Ceremonial ‘portrait’ mask from Nootka Sound, Canada, brought to the Cape in 1780 by Captain Cook’s associates. From the Iziko Social History collections.
A 19th-century gourd snuff-box, engraved by a Zulu craftsman with a scene of Cape Town showing various public buildings, a carriage, wagons and a military parade. From the Iziko Social History collections.
Photograph from the Bleek/Lloyd Collection showing a |Xam woman with a weighted digging-stick, taken at Salt River in Cape Town, 1884. From the Iziko Social History collections.
Mpondo garden baskets of twined sedge, with other wedding presents, Libode, Eastern Cape, 1984. Photograph: Patricia Davison. From the Iziko Social History collections.
Boys milking cattle, Lukuni, Eastern Cape, 1985. Photograph: Patricia Davison. From the Iziko Social History collections.
This collection comprises mostly indigenous African artefacts, with a special emphasis on southern Africa. Objects from all over the world have also been collected for comparative purposes, such as Inuit artefacts to provide an example of hunter-gatherer material culture in environmental conditions very different from those in Africa. For southern Africa, the collection reflects a long tradition of research and collecting work conducted by Museum staff and their associates on the material expression of culture among 19th- and 20th-century hunter-gatherers, pastoralists, and agriculturalists. Salvage studies have also been undertaken on indigenous technologies, such as pottery, basketry, skin work and beadwork in southern Africa.
The development of the Anthropology Collection traces the history of anthropological enquiry as well as changes in museological practice. Since the opening of the accession register in the 1870s, successive additions to the collection have built up an important record of ways of life that have now vanished, while processes of cultural change in the population of southern Africa have also been documented through this material record and in photographs. Significant figures in southern African history have made contributions of both ethnographic and historical value. Notable are the objects from Oceania and the north-west coast of North America that were reputedly brought to the Cape by Captain Cook and his associates in the late eighteenth century, and a Tswana bone ornament collection collected in 1836 by Dr Andrew Smith, the founder of the South African Museum, on a journey of exploration in the interior of South Africa. The collections of early anthropologists in South Africa, such as D. Bleek, A.W. Hoernlé, I. Schapera and E.J. Krige, provide a material record that complements their published work as part of the history of the discipline of anthropology.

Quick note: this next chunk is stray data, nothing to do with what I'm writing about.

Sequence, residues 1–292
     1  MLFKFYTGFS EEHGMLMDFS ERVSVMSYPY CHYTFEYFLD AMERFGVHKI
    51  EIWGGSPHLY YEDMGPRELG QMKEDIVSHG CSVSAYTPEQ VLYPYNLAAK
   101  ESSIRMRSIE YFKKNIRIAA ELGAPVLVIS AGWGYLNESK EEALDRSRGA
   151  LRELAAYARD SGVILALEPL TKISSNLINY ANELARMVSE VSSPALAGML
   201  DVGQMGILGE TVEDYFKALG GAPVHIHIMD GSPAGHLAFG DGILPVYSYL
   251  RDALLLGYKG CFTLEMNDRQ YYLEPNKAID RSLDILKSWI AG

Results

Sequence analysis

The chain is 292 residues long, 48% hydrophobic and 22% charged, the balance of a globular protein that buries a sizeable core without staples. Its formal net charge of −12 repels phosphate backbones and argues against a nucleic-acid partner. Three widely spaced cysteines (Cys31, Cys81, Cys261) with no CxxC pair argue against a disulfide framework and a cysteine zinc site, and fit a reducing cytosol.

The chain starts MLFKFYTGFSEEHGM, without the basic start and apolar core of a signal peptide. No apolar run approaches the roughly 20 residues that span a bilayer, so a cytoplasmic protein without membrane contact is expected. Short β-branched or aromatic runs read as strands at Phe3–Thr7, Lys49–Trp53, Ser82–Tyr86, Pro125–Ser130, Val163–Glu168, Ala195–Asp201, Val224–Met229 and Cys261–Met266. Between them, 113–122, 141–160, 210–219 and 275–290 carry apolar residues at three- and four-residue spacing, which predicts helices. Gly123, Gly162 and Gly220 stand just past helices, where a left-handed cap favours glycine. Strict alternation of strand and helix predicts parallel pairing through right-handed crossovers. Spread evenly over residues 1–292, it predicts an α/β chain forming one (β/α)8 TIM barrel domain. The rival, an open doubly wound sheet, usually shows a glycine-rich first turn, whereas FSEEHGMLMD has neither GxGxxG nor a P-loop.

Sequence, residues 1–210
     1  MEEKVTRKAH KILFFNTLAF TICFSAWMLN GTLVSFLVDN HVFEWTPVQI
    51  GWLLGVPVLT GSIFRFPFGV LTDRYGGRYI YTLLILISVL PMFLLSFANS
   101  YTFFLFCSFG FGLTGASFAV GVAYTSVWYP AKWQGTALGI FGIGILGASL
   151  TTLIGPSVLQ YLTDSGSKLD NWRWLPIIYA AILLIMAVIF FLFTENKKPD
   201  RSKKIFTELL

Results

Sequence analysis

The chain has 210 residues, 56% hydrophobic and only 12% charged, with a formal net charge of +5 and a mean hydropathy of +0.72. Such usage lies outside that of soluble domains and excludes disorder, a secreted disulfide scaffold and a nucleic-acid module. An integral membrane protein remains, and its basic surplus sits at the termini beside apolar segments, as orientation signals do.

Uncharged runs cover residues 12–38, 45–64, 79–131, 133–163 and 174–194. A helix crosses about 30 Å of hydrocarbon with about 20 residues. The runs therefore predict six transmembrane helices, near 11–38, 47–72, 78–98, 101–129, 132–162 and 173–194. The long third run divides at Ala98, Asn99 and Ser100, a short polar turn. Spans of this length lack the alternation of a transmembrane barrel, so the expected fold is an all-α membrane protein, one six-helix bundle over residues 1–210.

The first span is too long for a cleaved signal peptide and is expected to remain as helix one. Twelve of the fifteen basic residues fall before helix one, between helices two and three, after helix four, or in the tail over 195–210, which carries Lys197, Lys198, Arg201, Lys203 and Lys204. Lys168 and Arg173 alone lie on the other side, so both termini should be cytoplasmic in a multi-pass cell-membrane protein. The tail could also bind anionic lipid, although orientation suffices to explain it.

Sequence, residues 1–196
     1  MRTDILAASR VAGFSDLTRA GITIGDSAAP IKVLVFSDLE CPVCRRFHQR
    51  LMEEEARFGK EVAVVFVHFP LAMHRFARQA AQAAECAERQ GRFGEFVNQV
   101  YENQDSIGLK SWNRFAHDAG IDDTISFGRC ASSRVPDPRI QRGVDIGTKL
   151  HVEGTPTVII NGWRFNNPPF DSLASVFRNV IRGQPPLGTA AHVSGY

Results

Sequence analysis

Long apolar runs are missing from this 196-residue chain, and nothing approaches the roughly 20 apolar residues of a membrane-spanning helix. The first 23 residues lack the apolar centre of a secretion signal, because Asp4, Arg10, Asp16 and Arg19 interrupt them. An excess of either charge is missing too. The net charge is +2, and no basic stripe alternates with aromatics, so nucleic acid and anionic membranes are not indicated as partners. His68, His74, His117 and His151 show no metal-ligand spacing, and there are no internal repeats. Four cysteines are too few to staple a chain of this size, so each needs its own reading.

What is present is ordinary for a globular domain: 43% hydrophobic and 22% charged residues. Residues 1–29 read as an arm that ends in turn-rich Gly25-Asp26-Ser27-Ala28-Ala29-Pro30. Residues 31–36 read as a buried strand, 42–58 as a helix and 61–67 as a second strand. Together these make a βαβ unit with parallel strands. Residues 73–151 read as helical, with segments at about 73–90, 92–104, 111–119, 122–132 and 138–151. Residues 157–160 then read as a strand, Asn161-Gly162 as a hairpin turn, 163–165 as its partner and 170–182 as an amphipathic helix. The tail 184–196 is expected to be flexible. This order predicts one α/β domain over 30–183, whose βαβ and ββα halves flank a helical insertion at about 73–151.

The photographic holdings include photographs and transparencies from field expeditions by staff members, photographs from donors, and a photographic record of specimens in the Collection. As with the rest of the Collection, the photographic record reflects changing research interests in anthropology and has been enriched by contributions from historically significant figures.
Telephone: +27 (0) 21 481 3838